Minister Who Quit School to Earn Only Ksh1 Daily
The late Cabinet Minister John Michuki was born in 1932 to a very populous family of Chief Michuki wa Kagwi who had 47 wives.
Michuki's mother, Mariana Wanjiku, was the 45th wife. His father died when he was just seven years old.
Despite his fathers chiefly status in society, Michuki did get to enjoy a privileged life because his much older siblings disinherited his family and left them with only three acres of land.
After his father's death, Michuki started his education in 1941 at Muguru Primary School, but had to drop out due to lack of school fees.
This forced him to seek tailoring-related work in Nairobi, where he got menial jobs at a uniform store, fixing buttons.
He would later relocate to Nyeri where he earned Ksh1 daily for repairing buttons at a small shop in the town.
Michuki then enrolled in Kiangunyi Primary School where he completed his Kenya African Primary Education (KAPE) in 1945.
In 1947, Michuki was admitted to Nyeri High School for his secondary education before proceeding to Mang'u High School for his Advanced Level education.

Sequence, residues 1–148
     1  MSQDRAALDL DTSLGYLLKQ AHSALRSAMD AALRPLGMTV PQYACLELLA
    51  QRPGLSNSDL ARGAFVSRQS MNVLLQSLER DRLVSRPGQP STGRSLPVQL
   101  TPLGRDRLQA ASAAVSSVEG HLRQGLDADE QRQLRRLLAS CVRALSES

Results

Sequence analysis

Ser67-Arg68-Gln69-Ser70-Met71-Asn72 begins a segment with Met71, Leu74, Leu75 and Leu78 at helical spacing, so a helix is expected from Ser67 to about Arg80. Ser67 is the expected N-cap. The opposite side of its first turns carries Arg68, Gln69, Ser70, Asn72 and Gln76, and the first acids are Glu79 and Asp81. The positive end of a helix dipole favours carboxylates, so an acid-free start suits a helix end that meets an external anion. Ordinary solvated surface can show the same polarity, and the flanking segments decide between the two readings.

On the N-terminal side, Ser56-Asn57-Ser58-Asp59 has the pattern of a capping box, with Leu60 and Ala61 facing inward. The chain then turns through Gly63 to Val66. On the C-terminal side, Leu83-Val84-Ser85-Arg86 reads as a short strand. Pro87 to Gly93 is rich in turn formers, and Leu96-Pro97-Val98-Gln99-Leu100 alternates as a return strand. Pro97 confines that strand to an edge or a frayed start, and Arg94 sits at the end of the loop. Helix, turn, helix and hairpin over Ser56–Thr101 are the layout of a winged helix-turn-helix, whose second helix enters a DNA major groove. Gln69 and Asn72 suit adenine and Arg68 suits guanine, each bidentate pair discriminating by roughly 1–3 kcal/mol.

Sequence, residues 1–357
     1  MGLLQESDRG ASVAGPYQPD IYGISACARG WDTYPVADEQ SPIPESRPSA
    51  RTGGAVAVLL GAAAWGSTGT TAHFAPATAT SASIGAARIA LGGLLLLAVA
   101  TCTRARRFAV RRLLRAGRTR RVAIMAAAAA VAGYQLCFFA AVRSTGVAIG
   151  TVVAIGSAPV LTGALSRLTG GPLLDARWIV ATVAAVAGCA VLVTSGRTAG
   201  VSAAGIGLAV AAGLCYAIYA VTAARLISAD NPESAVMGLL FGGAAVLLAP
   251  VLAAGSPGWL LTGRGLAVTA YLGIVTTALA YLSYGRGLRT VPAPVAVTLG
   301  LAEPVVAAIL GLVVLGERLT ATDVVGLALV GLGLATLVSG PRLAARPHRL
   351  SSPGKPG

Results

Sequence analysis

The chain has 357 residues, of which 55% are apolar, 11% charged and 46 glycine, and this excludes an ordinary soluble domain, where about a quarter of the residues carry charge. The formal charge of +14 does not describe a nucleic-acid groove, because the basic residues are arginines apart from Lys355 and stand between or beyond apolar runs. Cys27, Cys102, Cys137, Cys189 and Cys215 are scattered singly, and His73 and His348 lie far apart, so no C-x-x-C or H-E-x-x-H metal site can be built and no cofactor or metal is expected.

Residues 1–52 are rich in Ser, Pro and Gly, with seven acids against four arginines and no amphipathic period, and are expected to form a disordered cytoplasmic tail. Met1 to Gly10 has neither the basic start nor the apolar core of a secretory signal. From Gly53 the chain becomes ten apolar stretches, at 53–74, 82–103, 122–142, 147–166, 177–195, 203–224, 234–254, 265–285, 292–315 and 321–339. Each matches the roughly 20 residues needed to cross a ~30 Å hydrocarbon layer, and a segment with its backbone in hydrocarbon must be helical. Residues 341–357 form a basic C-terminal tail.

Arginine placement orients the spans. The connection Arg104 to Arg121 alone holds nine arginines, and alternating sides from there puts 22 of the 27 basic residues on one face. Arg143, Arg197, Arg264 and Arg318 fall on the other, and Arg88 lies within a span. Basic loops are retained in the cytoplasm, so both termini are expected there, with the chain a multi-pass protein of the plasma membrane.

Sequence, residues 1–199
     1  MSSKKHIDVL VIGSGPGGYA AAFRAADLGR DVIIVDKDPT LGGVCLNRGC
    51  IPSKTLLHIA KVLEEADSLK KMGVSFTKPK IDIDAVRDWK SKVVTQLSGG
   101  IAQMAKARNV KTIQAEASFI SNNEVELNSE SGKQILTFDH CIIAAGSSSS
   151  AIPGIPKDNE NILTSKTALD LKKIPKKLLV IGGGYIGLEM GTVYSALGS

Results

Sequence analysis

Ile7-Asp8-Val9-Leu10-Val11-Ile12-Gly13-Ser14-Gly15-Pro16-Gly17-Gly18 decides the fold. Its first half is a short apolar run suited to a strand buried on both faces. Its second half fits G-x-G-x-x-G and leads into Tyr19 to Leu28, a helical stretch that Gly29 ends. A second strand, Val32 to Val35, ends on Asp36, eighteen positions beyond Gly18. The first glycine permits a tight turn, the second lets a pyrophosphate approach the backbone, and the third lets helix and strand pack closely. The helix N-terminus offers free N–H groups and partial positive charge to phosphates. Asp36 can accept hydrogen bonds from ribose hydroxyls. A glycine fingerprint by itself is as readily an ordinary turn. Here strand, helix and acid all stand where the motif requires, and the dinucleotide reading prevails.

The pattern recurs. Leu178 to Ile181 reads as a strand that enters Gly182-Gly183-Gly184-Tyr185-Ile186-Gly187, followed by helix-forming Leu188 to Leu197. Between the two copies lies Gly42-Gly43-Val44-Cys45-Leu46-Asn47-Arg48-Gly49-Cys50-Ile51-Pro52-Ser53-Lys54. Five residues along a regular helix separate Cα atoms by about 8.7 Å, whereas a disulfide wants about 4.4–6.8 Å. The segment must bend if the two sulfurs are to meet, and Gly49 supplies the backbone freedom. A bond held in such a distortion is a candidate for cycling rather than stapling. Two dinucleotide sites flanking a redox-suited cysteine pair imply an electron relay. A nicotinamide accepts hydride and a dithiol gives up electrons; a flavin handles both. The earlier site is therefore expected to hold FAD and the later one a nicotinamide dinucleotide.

It was at Mang'u that he met his lifelong friend, former President Mwai Kibaki, under whom he later served as a Cabinet Minister.
Immediately after graduating from Mang’u High School, he was recruited as a clerk within the Provincial Administration.
In 1961, Michuki secured a government scholarship to study at Worcester College, a constituent college of the University of Oxford, where he graduated with a BSc Economics, Finance and Public Administration.
Upon graduating from Worcester, he returned to Kenya and became the first African District Commissioner (DC) in Kenya after being posted in Nyeri, the same town he earned a wage of Ksh1 daily.
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